Our government nannies are worked up
By Beth Cody, Writers’ Group member
Iowa City Press-Citizen
Wednesday, November 8, 2006

The Nannies are worked up again – this time it is the Alcohol Awareness Working Group (AAWG) hectoring us about how we need more laws and government programs to prevent young people from drinking alcohol (“Time to stop winking at Iowa City’s drinking problem,” Oct. 30). AAWG has good intentions, but by addressing only a single issue they do not consider the costs to individuals and society that their proposals entail.

Iowa City’s “drinking problem” mostly concerns drunken university students urinating in public, fighting and assaulting bystanders. But the overwhelming majority of the thousands of drinkers each weekend don’t commit crimes.

And even though it is currently a crime for people under 21 to drink alcohol, that doesn’t mean that it should be. It was illegal for everyone to drink during the 1920s, but most people agree that Prohibition was a terrible mistake. And the baby boomers fought successfully for the right to drink at age 18 – people believed that someone old enough to fight our wars for us was old enough to drink beer. It’s too bad the boomers don’t champion the same rights for today’s young adults.

The National Minimum Drinking Age Act was passed in 1984, only to increase the allure and discourage moderate consumption. Drinking occurs even in Iran, where it is punished with forty lashes, and in prisons, so how can we expect to stamp out consumption among free young adults?

But AAWG wants even stricter laws and more enforcement, which means less money to protect citizens from real, violent criminals. Our jails are already overcrowded at great cost to hardworking taxpayers.

AAWG writes about the costs of college drinking. But I question their claim that alcohol abuse is the leading reason for dropping out of college. Students who want to finish school will generally do so. Marginal students who come here to party often don’t.

And it is undeniably tragic to hear about a young man falling off a balcony to his death, or fatally driving drunk. About 5,000 people under age 21 die each year from causes related to excessive alcohol use. However, many more die from simply driving their cars, yet we still allow them to drive.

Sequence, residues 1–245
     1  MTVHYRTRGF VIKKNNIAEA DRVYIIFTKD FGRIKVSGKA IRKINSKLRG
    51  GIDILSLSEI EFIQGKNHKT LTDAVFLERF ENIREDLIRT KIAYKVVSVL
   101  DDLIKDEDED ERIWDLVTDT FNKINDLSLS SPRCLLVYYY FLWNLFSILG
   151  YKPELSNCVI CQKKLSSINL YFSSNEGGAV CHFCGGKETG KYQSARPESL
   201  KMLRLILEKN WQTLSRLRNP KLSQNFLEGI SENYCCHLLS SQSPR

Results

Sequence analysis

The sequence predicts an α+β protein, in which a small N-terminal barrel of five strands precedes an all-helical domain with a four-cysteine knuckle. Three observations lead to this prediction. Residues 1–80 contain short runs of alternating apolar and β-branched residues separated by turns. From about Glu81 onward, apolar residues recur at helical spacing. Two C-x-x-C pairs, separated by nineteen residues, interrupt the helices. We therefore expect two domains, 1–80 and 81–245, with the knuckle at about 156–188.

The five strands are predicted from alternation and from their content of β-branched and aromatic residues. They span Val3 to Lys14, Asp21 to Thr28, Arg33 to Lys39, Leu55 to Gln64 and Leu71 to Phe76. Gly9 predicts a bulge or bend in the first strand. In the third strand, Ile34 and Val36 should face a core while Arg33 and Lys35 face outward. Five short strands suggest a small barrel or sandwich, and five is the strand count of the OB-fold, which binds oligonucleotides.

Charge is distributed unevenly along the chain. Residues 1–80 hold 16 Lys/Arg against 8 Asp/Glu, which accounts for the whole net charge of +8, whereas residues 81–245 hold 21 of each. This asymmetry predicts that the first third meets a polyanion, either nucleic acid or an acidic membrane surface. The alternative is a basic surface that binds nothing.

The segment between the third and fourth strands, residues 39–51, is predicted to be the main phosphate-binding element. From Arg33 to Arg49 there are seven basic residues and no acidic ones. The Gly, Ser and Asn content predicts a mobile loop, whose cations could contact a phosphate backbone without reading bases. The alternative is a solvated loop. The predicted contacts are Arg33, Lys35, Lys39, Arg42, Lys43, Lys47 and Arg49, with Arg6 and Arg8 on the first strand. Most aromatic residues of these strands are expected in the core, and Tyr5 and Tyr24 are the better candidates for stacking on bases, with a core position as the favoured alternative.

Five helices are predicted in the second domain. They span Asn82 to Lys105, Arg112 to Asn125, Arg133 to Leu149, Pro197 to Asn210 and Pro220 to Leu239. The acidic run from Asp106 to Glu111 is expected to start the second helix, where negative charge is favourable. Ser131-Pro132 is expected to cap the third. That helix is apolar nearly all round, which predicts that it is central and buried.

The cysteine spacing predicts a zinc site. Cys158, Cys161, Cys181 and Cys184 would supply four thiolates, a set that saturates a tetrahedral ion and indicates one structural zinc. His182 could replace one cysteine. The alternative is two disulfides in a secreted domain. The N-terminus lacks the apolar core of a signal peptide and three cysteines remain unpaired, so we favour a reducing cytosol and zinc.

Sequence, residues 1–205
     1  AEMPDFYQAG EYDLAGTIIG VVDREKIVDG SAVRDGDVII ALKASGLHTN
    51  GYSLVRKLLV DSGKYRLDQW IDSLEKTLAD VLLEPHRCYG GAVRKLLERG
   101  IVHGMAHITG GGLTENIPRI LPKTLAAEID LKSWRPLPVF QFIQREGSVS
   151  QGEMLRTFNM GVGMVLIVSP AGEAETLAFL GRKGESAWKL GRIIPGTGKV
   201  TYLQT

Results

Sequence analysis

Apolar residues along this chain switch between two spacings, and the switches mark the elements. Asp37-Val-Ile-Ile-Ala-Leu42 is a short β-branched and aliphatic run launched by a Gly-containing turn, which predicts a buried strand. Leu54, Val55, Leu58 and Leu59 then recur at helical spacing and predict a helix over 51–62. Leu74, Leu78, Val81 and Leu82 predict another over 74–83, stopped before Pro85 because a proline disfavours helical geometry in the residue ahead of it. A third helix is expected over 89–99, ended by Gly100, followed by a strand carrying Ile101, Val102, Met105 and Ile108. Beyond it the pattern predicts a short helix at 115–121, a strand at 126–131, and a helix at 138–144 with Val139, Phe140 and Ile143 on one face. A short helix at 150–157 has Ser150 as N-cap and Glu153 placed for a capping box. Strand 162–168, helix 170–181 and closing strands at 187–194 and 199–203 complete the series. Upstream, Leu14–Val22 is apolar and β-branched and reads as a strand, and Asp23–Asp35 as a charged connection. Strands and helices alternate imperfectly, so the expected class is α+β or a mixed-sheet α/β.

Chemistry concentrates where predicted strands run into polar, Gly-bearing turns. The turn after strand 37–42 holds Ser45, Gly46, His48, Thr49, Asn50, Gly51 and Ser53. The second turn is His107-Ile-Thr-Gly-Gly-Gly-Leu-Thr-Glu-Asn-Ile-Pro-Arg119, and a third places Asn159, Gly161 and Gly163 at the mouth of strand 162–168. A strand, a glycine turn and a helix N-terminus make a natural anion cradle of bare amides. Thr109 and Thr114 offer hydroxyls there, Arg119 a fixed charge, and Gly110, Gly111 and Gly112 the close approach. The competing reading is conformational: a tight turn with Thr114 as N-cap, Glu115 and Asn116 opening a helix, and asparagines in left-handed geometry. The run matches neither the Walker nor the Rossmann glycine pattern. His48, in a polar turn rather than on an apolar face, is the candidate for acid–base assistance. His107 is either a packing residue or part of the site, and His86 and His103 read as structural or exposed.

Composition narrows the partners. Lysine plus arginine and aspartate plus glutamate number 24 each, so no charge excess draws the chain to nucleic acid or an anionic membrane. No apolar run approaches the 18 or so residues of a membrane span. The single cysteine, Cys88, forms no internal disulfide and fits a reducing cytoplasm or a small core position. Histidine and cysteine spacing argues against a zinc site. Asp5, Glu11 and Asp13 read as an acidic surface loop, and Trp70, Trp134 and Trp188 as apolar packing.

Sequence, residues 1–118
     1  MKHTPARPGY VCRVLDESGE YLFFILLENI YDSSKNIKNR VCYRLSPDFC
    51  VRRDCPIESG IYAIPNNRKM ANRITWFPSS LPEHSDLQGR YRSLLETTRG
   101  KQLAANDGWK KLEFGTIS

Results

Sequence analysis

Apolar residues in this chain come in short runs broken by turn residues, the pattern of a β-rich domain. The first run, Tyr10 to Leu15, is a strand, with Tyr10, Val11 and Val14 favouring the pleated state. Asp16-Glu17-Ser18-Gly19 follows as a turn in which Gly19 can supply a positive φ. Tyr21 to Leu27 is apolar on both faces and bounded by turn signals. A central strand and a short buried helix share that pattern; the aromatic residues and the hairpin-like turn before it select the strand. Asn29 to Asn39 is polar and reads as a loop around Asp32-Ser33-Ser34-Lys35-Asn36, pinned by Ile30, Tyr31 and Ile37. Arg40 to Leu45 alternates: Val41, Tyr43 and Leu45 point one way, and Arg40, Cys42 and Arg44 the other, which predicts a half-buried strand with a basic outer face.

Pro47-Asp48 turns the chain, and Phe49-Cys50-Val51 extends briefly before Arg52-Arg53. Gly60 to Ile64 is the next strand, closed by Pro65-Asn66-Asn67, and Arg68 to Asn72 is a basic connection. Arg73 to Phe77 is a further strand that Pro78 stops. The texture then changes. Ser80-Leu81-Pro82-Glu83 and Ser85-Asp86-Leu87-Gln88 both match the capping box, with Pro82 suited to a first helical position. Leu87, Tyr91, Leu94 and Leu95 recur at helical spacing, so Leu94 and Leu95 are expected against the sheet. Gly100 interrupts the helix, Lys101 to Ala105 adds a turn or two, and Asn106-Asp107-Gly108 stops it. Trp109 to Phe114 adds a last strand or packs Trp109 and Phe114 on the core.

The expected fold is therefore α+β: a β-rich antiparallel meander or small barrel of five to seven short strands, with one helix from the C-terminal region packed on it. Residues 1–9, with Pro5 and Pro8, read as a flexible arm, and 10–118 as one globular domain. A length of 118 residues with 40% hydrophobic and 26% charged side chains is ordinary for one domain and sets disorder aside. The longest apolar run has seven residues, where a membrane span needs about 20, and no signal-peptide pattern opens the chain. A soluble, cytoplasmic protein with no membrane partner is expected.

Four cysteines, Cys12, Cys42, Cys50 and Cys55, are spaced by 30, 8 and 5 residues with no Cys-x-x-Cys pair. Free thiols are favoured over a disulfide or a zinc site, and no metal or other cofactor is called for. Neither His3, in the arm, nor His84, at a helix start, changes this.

And while the costs of alcohol consumption are easy to see, the benefits are usually ignored. I don’t mean the health benefits of a glass of red wine – I mean going out with friends and drinking a bit too much and having a lot of fun.

People have enjoyed drinking alcohol to intoxication for ten thousand years. It is a benefit that people are willing to pay money for and one that keeps many local businesses in business.

But AAWG wants to raise taxes and increase paperwork costs for local bars and restaurants, hurting our local economy. They also want our government to offer “economic incentives” for non-alcoholic youth venues. But the free market already provides as many as are demanded without government meddling. I strongly suspect that students who enjoy drinking would avoid these taxpayer-subsidized, dry places like the plague.

Why do we continue to believe that government can solve our problems, when it usually makes problems worse? The purpose of government is to protect our legal rights, period. And there is no “right” to be protected from the consequences of our decisions.

AAWG should focus their efforts on privately-funded education programs for parents and young people. Parents are best-equipped to teach their children about the consequences of drinking, which may help them withstand the college free-for-all that no laws can suppress.

And AAWG is right that the University of Iowa can help control the problem. It certainly has the right to impose rules concerning public intoxication and to expel students for infractions. However, it might affect enrolment, which University officials will need to weigh against community pressure.

I will certainly be called “irresponsible” for writing this. It is true – I am not responsible for the decisions that other adults make, and AAWG is not responsible either.

Alcohol is not the culprit. It is bad decisions that lead to terrible outcomes. And young people will still make bad decisions despite the efforts of parents and others. Life is not risk-free. But freedom is still the best way.